Saturday afternoon a log truck and trailer arrived in our yard. In about 15 minutes the driver unloaded these oak logs next to the maple trees in the upper yard. 12 cords of firewood, on site. Winter, be damned, we have wood!
I suspect I should be more concerned about our carbon footprint with all this potential carbon escaping up the chimney. The wood in the pile is oak, mostly tops and crooked sections of a local logging enterprise. If not used for firewood, it would be ground up for mulch or cattle bedding, chewed up for pellet stoves, made into blandex or simply left to rot in the woods. All better uses? Perhaps, but this pile of firewood represents about three years of winter heat. It represents three years of not using propane that has been shipped from god knows where, and electricity that is generated at coal fired plants with coal from Montana.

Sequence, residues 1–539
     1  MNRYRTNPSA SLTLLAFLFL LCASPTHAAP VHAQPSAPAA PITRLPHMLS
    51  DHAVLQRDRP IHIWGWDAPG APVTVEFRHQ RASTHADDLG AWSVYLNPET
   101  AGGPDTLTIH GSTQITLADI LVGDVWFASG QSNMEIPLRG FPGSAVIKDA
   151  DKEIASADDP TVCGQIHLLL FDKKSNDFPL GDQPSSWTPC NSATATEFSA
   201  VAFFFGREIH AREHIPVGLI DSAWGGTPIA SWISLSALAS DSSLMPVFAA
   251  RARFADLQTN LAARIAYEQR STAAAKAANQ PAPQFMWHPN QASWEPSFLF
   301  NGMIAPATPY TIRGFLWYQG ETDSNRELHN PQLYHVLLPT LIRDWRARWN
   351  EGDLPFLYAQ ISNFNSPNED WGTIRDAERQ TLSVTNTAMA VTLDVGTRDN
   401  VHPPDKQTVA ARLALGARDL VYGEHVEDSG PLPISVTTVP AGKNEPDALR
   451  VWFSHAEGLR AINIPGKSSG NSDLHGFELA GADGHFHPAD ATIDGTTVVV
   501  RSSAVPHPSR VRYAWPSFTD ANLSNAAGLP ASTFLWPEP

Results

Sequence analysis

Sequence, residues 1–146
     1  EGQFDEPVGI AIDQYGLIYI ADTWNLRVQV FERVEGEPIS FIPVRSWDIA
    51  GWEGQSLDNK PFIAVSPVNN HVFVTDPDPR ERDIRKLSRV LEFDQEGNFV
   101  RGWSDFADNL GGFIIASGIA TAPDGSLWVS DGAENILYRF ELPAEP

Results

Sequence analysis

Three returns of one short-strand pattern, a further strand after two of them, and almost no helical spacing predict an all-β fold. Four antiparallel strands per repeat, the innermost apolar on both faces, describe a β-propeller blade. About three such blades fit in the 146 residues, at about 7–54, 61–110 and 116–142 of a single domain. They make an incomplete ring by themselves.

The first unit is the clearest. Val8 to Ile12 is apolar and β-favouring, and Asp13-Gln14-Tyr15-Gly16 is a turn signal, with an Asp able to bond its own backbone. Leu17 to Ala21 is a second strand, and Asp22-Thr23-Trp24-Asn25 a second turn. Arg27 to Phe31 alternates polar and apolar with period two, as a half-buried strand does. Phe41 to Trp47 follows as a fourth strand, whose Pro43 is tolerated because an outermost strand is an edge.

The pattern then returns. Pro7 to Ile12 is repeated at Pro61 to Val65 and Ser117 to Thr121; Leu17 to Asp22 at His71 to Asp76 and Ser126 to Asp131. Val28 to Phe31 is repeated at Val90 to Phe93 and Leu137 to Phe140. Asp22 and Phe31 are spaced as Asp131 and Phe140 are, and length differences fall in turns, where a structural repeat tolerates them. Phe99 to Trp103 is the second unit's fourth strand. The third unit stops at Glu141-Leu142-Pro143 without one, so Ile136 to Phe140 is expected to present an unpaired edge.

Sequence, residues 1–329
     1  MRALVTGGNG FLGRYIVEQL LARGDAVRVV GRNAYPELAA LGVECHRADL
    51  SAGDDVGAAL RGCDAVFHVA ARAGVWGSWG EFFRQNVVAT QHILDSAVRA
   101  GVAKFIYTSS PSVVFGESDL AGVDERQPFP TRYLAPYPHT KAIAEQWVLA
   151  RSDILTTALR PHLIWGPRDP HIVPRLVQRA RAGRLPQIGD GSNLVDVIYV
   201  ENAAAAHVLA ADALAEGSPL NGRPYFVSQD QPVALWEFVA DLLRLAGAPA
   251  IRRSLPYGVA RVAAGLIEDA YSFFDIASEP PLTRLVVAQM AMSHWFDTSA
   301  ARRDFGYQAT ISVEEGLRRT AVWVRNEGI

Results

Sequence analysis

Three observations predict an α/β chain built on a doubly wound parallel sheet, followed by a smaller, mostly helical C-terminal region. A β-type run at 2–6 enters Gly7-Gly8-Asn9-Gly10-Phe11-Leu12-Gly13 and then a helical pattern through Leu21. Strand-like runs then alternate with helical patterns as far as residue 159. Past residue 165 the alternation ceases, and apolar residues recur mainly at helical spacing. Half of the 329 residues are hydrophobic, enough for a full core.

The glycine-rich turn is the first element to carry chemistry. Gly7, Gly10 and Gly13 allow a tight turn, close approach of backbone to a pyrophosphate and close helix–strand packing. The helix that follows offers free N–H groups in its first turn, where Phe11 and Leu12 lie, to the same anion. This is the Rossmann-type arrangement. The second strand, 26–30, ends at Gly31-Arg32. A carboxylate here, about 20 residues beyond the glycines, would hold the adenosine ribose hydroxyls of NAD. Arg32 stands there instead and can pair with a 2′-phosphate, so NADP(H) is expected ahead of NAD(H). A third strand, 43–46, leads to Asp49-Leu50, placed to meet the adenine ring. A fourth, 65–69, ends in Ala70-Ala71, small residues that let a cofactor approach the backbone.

The wood in this pile, will heat our house, cook our meals, and most importantly warm my backside when I come in from the daily chore of filling the wood boxes. Macarthur will have a warm place to nap in front of the cookstove, the plants in the sun room won’t suffer near freezing temperatures (very bad for tropicals), and I can go back to cooking and baking and feeding the fires to keep the house warm through the long winter days and nights.
But first, it must be cut to length, split, and stacked in the woodshed. The exercise alone will keep us warm throughout the fall. Chainsaw, maul, leather gloves; swinging, bending, lifting, hauling; steady effort, regular purpose, daily satisfaction.
Wood pile, you are a splendid sight, full of potential and promise, worth more than your weight in gold.